Mutiny at Taranto
After Armistice Day, on 11 November 1918, the eight BWIR battalions in France and Italy were concentrated at Taranto in Italy to prepare for demobilisation. They were subsequently joined by the three battalions from Egypt and the men from Mesopotamia. As a result of severe labour shortages at Taranto, the West Indians had to assist with loading and unloading ships and do labour fatigues. This led to much resentment, and on 6 December 1918 the men of the 9th Battalion revolted and attacked their officers. On the same day, 180 sergeants forwarded a petition to the Secretary of State complaining about the pay issue, the failure to increase their separation allowance, and the fact that they had been discriminated against in the area of promotions.
During the mutiny, which lasted about four days, a black NCO shot and killed one of the mutineers in self-defence and there was also a bombing. Disaffection spread quickly among the other soldiers and on 9 December the 'increasingly truculent' 10th Battalion refused to work. A senior commander, Lieutenant Colonel Willis, who had ordered some BWIR men to clean the latrines of the Italian Labour Corps, was also subsequently assaulted. In response to calls for help from the commanders at Taranto, a machine-gun company and a battalion of the Worcestershire Regiment were despatched to restore order. The 9th BWIR was disbanded and the men distributed to the other battalions which were all subsequently disarmed. Approximately 60 soldiers were later tried for mutiny and those convicted received sentences ranging from three to five years, but one man got 20 years, while another was executed by firing squad.
Although the mutiny was crushed, the bitterness persisted, and on 17 December about 60 NCOs held a meeting to discuss the question of black rights, self-determination and closer union in the West Indies. An organisation called the Caribbean League was formed at the gathering to further these objectives. At another meeting on 20 December, under the chairmanship of one Sergeant Baxter, who had just been superseded by a white NCO, a sergeant of the 3rd BWIR argued that the black man should have freedom and govern himself in the West Indies and that if necessary, force and bloodshed should be used to attain these aims. His sentiments were loudly applauded by the majority of those present. The discussion eventually drifted from matters concerning the West Indies to one of grievances of the black man against the white. The soldiers decided to hold a general strike for higher wages on their return to the West Indies. The headquarters for the Caribbean League was to be in Kingston, Jamaica, with sub-offices in the other colonies.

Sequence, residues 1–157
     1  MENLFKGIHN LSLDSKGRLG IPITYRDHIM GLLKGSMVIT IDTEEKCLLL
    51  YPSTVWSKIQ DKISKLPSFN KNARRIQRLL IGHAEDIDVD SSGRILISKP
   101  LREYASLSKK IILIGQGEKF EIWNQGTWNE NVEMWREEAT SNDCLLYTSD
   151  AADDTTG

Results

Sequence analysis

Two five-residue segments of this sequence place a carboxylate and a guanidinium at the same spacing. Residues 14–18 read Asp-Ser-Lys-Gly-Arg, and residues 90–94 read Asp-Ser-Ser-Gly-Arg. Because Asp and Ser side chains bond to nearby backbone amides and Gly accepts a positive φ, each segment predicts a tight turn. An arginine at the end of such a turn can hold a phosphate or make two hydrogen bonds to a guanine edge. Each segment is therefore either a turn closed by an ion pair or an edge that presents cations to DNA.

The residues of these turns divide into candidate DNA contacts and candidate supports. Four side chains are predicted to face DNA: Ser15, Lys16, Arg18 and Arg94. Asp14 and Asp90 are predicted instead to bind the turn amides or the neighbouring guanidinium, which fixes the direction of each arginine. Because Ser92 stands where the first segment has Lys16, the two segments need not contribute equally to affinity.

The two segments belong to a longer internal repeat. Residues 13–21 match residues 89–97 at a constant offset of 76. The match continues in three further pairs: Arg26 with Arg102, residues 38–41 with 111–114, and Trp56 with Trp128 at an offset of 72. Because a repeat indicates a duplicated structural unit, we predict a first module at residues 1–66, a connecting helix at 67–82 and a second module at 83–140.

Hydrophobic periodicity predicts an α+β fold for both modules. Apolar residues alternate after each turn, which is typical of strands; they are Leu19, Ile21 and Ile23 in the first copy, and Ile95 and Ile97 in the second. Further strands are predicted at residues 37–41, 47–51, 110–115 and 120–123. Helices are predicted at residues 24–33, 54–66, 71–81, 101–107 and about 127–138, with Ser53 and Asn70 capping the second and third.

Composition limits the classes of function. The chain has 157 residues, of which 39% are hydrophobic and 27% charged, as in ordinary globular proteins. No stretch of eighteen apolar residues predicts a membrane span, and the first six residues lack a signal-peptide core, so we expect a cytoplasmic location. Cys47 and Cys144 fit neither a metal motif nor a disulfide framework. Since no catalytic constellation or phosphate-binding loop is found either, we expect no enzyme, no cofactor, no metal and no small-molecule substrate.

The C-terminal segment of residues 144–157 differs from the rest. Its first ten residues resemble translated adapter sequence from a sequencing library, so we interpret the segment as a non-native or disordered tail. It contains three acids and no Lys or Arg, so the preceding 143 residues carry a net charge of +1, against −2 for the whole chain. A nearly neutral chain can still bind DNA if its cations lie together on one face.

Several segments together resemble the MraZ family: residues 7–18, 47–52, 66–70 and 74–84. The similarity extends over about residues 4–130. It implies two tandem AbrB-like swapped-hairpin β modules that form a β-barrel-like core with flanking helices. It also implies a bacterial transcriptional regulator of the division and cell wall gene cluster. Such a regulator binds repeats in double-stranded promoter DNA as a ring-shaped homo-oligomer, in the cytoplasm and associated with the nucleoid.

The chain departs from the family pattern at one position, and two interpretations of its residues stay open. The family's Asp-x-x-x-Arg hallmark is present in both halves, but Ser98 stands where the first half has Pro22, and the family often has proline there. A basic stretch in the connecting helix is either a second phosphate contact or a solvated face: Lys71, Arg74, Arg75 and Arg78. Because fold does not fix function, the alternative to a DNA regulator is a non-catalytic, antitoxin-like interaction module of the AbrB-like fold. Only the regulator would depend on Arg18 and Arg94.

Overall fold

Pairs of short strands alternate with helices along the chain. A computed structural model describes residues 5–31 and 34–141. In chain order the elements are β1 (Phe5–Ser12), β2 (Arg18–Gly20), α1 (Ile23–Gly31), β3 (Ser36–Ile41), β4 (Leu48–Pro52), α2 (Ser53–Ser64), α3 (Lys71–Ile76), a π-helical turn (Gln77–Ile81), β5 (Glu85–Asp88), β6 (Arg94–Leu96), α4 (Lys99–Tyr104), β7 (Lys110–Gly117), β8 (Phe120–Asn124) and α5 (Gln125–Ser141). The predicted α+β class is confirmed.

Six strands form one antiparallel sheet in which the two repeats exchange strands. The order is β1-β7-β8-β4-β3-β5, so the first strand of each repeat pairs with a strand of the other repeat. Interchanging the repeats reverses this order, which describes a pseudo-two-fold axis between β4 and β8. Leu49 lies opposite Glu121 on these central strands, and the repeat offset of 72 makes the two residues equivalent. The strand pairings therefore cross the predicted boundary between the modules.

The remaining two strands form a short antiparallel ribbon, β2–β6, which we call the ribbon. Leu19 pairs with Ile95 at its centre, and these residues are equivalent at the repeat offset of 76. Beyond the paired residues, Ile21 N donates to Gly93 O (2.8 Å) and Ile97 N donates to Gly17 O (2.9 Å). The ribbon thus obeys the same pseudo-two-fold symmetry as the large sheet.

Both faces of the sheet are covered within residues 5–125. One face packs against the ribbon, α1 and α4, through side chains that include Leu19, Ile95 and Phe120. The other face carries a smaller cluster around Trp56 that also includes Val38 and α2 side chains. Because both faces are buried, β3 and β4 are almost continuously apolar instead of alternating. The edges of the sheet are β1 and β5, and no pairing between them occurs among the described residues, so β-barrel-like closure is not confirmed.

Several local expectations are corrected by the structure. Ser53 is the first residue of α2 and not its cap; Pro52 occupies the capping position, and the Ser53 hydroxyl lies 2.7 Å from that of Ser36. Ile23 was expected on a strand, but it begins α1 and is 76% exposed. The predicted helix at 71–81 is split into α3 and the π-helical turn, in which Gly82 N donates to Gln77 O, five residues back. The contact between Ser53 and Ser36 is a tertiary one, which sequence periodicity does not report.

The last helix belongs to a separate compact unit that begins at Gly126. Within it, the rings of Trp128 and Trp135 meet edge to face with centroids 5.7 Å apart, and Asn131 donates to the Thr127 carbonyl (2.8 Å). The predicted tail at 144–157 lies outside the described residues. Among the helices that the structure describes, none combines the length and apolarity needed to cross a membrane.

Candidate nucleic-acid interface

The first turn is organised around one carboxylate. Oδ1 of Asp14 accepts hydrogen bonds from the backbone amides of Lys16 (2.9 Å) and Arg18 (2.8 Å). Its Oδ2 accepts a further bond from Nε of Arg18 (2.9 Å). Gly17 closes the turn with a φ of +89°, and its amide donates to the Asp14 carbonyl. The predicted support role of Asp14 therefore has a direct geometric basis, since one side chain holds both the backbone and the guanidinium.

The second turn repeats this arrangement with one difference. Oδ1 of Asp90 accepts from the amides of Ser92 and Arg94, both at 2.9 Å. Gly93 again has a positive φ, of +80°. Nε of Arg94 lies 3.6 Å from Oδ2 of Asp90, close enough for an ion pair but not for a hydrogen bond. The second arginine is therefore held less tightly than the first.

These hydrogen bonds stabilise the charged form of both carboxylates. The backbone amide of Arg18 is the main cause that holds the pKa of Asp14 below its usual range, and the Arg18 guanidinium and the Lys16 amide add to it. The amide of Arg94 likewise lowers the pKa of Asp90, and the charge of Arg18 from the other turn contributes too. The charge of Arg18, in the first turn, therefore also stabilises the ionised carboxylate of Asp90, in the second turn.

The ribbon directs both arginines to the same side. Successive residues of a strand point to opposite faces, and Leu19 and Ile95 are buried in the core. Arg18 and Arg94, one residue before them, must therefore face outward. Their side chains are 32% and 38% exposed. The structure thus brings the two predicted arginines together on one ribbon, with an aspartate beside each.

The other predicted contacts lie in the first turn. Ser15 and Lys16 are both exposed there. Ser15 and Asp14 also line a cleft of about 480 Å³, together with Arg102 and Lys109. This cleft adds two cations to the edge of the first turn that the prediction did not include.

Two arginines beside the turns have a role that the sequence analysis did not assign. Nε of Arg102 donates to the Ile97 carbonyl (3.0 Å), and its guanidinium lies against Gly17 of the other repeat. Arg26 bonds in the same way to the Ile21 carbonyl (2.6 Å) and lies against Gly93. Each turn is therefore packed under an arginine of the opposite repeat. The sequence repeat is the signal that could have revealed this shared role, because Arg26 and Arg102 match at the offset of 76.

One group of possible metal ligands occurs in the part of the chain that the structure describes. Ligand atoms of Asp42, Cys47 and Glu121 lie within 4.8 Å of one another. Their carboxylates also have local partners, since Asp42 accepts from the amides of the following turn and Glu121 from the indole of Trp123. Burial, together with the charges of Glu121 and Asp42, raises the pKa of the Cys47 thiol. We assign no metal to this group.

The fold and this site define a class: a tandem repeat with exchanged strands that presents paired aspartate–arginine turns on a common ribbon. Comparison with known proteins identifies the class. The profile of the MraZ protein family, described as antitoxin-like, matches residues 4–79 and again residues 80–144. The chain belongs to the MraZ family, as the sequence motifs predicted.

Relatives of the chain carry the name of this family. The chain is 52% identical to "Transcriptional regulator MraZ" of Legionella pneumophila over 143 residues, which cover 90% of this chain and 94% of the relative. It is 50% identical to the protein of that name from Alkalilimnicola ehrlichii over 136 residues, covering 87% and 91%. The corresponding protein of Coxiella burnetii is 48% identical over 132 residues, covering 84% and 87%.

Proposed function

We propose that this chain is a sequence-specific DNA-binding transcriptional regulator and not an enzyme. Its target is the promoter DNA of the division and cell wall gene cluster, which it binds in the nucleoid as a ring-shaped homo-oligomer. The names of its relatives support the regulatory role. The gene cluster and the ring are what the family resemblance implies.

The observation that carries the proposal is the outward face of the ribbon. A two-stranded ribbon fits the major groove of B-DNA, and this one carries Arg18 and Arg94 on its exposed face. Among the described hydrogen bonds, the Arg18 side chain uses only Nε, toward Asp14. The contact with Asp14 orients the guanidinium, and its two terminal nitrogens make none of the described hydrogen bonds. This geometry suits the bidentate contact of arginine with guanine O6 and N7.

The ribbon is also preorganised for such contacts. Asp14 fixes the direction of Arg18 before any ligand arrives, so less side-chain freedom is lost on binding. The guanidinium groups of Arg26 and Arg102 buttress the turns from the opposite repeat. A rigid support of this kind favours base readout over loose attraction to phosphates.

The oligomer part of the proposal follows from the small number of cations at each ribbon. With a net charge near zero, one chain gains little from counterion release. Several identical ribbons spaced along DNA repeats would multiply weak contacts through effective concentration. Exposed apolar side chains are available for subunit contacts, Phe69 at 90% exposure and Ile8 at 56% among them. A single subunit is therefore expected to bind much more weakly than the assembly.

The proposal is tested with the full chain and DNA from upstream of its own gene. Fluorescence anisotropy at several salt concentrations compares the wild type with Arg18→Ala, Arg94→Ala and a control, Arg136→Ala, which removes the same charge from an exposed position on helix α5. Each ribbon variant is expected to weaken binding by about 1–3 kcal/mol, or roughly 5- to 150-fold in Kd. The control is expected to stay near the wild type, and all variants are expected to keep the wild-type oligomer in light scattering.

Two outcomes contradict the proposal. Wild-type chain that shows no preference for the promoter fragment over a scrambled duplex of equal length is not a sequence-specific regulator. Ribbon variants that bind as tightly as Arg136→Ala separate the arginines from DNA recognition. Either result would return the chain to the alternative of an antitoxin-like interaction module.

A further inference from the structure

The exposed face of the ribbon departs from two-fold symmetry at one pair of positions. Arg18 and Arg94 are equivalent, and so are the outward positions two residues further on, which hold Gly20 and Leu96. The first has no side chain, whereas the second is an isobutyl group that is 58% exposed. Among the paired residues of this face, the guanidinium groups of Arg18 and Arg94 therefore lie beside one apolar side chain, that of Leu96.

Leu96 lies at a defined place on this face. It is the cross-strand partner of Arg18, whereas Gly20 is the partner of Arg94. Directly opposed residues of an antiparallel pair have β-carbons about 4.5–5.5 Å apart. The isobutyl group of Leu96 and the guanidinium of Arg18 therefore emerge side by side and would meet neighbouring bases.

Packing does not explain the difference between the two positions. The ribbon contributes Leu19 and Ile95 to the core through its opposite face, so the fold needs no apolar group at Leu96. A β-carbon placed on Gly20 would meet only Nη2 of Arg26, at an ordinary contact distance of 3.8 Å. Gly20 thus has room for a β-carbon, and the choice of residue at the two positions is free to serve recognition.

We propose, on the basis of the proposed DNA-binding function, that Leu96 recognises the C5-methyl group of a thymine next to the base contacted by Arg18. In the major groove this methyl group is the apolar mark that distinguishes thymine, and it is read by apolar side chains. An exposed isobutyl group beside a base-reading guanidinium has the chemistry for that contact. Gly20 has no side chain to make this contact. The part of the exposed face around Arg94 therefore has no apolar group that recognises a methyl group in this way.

Meanwhile, the cessation of hostilities quickly led to a profound change in white attitudes to the presence of blacks in the United Kingdom. As white seamen and soldiers were demobilised and the competition for jobs intensified, so too did the level of race and class antagonism, especially in London and the port cities. The more serious aspect of this was the numerous riots which erupted and the assaults on blacks in the United Kingdom. Because of the large-scale onslaughts on blacks, and in an attempt to appease the British public, the government decided to repatriate as many blacks as they could and by the middle of September 1919, about 600 had been repatriated.
Find out more
Books and articles
Lest We Forget by Robert N Murray (Hansib Publications, 1996)
Twenty-five Years After: The British West Indies Regiment in the Great War 1914-1918 by AA Cipriani (Karia Press, 1993)
Slaves in Red Coats: The British West India Regiments, 1795-1815 by N Roger Buckley (Yale University Press, 1979)
A Salute to Friend and Foe by Sir Etienne Dupuch (Tribune, 1982)
A Source of Black Nationalism in the Caribbean: The Revolt of the British West Indies Regiment at Taranto, Italy by WF Elkins (Science and Society, Vol 33, No 2, Spring 1970)
The British West Indies Regiment 1914-1918 by CL Joseph (Journal of Caribbean History, Vol 12, May 1971)
The Land Forces of Britain site has information about the West Indies Regiment.
Places to visit
The Imperial War Museum has extensive film and photographic archives, including the original film of the Battle of the Somme, and 40,000 official British, Australian and Canadian photographs from World War One.
The British Empire & Commonwealth Museum (Clock Tower Yard, Temple Meads, Bristol BS1 6QH) has a range of galleries and offers special tours, guides, workshops and family activities to visitors of all ages.
The Institute of Commonwealth Studies (University of London, 28 Russell Square, London WC1B 5DS) has a library and archive for anyone interested in further study of British Colonial history.